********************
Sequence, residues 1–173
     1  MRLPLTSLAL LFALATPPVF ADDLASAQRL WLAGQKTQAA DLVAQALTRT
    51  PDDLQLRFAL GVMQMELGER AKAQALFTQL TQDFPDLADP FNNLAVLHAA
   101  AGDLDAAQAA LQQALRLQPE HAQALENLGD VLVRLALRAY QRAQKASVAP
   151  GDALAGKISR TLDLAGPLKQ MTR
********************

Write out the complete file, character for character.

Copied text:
Sequence, residues 1–173
     1  MRLPLTSLAL LFALATPPVF ADDLASAQRL WLAGQKTQAA DLVAQALTRT
    51  PDDLQLRFAL GVMQMELGER AKAQALFTQL TQDFPDLADP FNNLAVLHAA
   101  AGDLDAAQAA LQQALRLQPE HAQALENLGD VLVRLALRAY QRAQKASVAP
   151  GDALAGKISR TLDLAGPLKQ MTR